The drivers Ora has made for its new headphones aren’t made of pure graphene, however. Instead, Ora opted for a hybrid approach it calls GrapheneQ, an oxide compound that employs nanotechnology to deposit flakes of graphene into thousands of layers that are bonded together. Ora says the resulting GrapheneQ compound is 95 percent graphene by weight, and highly malleable, which makes it comparatively easy to mass produce.
It’s also the key to the GrapheneQ Headphones’s affordability, priced at just $200 for the first few hundred backers, as GrapheneQ can be produced for a fraction of the cost of traditional graphene. Ora claims the frequency response is on par with CVD-Diamond, a high-end membrane that costs upwards of ten times Ora’s compound. The company also claims its design reduces power consumption by up to 70 percent.
The GrapheneQ Headphones themselves are over-the-ear, wood-accented cans featuring lambskin leather, premium fabric, and memory foam. They feel reassuringly durable in the hand, with a cup length adjustment mechanism along the band that locks firmly in place. With the exception of the ear cups, which have so much padding they hugged our face a bit too tightly, the GrapheneQ are exceptionally comfortable to wear.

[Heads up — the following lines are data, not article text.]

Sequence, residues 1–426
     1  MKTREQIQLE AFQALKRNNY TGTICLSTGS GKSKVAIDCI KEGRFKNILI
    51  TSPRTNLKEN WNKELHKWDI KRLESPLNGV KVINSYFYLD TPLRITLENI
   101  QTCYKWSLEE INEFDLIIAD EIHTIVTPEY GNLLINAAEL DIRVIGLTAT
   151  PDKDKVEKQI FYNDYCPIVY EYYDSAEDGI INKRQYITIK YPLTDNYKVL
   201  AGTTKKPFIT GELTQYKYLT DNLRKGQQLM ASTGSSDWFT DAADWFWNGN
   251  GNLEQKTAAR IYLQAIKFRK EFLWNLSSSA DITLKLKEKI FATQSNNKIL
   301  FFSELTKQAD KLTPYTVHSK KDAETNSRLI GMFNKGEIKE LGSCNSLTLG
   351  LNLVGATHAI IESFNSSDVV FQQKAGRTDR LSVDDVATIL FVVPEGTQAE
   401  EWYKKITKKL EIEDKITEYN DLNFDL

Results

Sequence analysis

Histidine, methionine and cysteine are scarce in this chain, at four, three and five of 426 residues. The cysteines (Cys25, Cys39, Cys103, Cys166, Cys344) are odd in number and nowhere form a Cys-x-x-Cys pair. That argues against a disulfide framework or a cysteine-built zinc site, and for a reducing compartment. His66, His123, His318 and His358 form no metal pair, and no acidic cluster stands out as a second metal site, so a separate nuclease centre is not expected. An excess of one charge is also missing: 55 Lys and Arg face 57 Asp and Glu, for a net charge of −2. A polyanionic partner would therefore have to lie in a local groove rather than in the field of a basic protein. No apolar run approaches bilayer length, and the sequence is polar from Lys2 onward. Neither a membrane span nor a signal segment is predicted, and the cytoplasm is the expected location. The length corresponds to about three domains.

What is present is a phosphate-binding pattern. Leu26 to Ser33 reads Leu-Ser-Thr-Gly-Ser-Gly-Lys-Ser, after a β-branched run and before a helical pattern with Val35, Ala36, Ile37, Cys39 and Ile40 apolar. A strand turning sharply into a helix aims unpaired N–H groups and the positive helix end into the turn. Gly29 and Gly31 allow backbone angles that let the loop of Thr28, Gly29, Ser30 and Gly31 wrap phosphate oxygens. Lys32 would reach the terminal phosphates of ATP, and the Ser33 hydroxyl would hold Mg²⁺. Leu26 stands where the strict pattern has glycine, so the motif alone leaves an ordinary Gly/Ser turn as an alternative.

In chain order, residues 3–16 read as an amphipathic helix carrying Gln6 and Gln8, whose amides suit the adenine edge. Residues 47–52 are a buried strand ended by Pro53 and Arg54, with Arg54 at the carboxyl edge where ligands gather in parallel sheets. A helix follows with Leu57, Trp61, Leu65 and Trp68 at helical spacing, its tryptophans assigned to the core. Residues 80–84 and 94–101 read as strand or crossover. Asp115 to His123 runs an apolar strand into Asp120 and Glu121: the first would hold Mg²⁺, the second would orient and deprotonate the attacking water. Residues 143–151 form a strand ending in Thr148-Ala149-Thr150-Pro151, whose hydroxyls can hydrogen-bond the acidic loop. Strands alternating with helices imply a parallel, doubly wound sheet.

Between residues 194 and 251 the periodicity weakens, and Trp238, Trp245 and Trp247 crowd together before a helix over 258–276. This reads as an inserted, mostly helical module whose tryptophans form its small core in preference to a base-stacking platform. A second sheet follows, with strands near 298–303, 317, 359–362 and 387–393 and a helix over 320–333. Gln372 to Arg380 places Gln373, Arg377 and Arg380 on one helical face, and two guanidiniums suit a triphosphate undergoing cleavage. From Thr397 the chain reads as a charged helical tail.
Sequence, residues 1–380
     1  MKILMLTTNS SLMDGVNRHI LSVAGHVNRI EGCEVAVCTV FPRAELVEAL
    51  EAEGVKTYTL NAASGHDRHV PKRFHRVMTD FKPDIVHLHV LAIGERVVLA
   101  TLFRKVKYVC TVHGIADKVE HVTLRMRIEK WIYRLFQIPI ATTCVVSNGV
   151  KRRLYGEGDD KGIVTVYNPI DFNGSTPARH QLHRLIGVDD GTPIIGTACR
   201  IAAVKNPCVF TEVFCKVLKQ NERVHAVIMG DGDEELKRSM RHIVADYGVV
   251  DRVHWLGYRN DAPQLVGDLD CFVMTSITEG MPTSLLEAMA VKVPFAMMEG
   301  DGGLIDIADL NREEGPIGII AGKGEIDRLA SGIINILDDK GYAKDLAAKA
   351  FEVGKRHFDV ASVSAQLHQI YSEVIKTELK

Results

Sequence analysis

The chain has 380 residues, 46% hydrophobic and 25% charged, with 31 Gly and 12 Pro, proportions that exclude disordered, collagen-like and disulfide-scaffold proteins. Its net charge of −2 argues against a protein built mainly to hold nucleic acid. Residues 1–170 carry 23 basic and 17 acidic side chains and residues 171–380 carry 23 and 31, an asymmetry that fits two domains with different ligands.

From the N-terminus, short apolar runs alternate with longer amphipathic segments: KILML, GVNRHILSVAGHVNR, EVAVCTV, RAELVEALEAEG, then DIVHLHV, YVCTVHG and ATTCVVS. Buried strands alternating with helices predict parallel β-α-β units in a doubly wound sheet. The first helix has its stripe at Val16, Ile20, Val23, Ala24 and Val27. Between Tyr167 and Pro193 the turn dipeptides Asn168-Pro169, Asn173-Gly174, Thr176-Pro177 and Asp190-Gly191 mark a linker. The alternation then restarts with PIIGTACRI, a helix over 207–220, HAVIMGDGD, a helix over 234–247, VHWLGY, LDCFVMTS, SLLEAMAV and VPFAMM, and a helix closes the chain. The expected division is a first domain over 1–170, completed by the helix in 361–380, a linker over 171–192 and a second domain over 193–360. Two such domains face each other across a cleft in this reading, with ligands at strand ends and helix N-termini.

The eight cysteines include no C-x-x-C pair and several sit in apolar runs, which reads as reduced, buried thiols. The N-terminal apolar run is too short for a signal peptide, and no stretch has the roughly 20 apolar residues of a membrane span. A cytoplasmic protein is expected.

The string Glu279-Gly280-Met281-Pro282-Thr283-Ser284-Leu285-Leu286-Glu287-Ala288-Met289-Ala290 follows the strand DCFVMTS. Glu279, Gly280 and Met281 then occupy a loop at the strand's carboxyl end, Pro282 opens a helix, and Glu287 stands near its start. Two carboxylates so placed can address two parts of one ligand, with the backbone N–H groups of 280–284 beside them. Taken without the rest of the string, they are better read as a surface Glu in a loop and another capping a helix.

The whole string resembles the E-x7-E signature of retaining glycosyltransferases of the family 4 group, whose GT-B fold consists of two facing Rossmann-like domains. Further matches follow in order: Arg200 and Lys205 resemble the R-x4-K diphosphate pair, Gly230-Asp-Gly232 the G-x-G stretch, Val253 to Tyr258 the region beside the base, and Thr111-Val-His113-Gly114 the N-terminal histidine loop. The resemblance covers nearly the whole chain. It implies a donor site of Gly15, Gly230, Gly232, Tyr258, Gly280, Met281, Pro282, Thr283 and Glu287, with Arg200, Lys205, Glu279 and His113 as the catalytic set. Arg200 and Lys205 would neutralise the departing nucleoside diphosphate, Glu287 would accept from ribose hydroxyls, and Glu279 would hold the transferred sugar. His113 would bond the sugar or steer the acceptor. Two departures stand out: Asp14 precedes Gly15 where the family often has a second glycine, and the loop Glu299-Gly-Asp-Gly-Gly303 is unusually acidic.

They offer Bluetooth wireless connection, with intuitive touchpad controls and a microphone for hands-free phone calls built in. Along with Bluetooth, you can plug in via a removable 3.5mm cable, and you can also connect to a PC or other device via USB-C. Battery life has not yet been disclosed, but thanks to graphene’s high efficiency it’s expected to be extremely long — possibly even disruptive.
Before we slipped on a pair, Gaskell had us listen to two black, nondescript bookshelf speakers set side-by-side — one equipped with Ora’s GrapheneQ driver, and one with an off-the-shelf alternative. The differences were subtle, but in genres like classic rock and classical, the GrapheneQ model’s reproduction of vocals and strings respectively exhibited more clarity and detail than its non-graphene counterpart.